If I haven't said it enough, let me say it again: this game is wonderfully cinematic. Ninja Theory knows they crafted incredible levels with awesome scenery, and they're not afraid to flaunt it. Very often the camera will fix in on something eye-catching – like wrapping up a round of combat, an important or epic jump from obstacle to obstacle, or highlight an obstacle that's crumbling. And the boss take-downs, oh man the boss take-downs. When I say this game has some of the most satisfying bosses I've ever fought, it's not really so much because they were the hardest to beat, or the hardest to figure out. But each one comes with such a satisfyingly epic take-down scene that it's worth playing through a whole level again just to see them.
Unfortunately, the emphasis on cinematography isn't all positive. Undeniably, the camera in some situations can be downright frustrating when you're trying to focus on something but the game insists on the camera being fixed another way. This doesn't happen a whole lot, but there were some cases where the camera was really getting on my nerves – particularly during a certain battle sequence where I was supposed to be protecting something from enemies, but the camera kept circling around to this forsaken angle where I couldn't even see what I was doing. Rest assured, these are isolated incidents.
The game's pretty straightforward linear. There are collectibles, some of which can be fairly off the beaten path, but that's only a handful on each level. A run-of-the-mill player will probably run through this game never even knowing that some of these side areas exist because of the way the camera usually encourages you to take a certain path, which ultimately progresses the level. There are three different difficulties to play through, so players may find some replayability here. But with no multiplayer aspects at all, this game offers very little else in store for replayability.
On top of that, it's somewhat short to boot. Aiming for 100% collectibles can garner some extra game life out of this title, but with fourteen chapters that range from 45-90 minutes each makes this a 10-15 hour game that, more than likely, you'll never touch again after completing it once. If I had been releasing this review immediately after release, I would have recommended consumers holding out on this one for a while. But now? It's been a while.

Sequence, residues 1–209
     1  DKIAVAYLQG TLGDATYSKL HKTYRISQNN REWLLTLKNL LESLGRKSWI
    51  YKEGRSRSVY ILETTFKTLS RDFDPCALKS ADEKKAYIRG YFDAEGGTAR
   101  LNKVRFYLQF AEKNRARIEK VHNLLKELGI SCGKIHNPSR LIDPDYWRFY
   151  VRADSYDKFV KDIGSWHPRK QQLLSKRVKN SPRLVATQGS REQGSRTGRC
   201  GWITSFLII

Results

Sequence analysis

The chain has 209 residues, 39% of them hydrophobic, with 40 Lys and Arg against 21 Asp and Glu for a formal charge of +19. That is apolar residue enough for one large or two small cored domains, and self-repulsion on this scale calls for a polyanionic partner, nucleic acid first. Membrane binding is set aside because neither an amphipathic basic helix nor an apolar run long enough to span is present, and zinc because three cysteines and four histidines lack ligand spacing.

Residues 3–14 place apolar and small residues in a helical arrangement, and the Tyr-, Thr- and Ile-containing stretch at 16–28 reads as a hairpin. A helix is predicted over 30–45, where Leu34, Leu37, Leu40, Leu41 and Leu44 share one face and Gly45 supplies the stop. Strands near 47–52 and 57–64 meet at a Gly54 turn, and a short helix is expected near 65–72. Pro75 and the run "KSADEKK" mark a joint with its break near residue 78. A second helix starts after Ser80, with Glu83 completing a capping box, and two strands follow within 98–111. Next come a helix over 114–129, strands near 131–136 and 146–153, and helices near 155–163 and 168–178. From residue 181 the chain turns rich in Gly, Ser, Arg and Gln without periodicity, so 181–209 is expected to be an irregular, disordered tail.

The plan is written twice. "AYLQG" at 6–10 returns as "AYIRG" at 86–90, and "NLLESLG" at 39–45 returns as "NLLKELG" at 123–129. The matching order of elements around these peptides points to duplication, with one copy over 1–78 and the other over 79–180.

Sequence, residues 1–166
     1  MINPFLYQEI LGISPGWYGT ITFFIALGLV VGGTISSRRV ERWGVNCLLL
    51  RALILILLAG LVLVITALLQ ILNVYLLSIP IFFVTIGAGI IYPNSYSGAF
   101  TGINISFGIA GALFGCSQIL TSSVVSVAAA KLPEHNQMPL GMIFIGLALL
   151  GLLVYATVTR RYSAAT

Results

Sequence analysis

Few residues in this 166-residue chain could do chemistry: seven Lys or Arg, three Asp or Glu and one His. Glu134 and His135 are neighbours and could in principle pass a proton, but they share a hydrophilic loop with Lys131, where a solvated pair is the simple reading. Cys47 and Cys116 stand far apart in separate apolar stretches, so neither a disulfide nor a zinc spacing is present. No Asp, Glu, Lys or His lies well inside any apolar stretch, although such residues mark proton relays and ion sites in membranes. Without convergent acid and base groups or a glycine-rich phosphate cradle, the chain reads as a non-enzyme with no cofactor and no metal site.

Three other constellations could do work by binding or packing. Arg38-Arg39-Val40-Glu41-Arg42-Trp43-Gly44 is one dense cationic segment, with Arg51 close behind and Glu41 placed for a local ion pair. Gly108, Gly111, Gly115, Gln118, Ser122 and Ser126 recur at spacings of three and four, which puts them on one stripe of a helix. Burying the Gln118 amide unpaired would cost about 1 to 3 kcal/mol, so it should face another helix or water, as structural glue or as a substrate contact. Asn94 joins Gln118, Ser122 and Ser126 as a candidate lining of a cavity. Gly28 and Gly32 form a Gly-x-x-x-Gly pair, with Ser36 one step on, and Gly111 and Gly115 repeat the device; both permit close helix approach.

Since this game's release, Ninja Theory went on to develop the reboot of the Devil May Cry
franchise and has received very mixed acclaim for their job on it. I'd hate to see something like that get in the way of Ninja Theory growing as a developer, because if Enslaved
is just the beginning of what they are capable of, I would love to see what else they have up their sleeves.Achievements
A lot of this game's achievements can be earned just through the natural course of the game. They include story progression, combat milestones (“kill X enemies”), and unique combat scenarios (“kill X enemy with Y method”) that you may end up getting on accident just by playing. A few of the more annoying ones, such as collecting all the orbs or masks – two kinds of collectibles presented in this game – can be something of a nuisance when you complete an entire 60 minute level only to find out you missed one (even with a guide handy). Apart from these, a handful of achievements requiring a DLC may annoy the completionists out there.Achievements never affect the score of a game and are included by reader request. Only the categories below influence the final score.SummaryGraphics:
Beautiful scenery, epic animations, and wonderful cinematography are marred only by an occasionally finicky camera angle.Sound:
A very small but wonderful cast of voice actors give life to the colourful characters.Plot:
A fantastical retelling of the already fantastical Chinese novel with a surprise, albeit not wholly original, ending.Gameplay:
Platforming that's never too complicated is interspersed with increasingly difficult combat sequences, which usually end with a satisfying killing blow.Length/Replay Value:
Short, but sweet. With little-to-no replay value it's a sad truth this one may get played once, then collect dust.Yea or Nay?
As mentioned, if I was publishing this review when the game was brand new, I would have suggested very strong caution putting down full price for such a short, though enjoyable, game. Now that the game is over two years old and used copies should not be hard to find for a fiver in the States, it's hard for me to say not to buy this one. There are worse ways to spend five bucks.Final score:
6.8I claim no right to the pictures used in this review, and they will be removed if requested.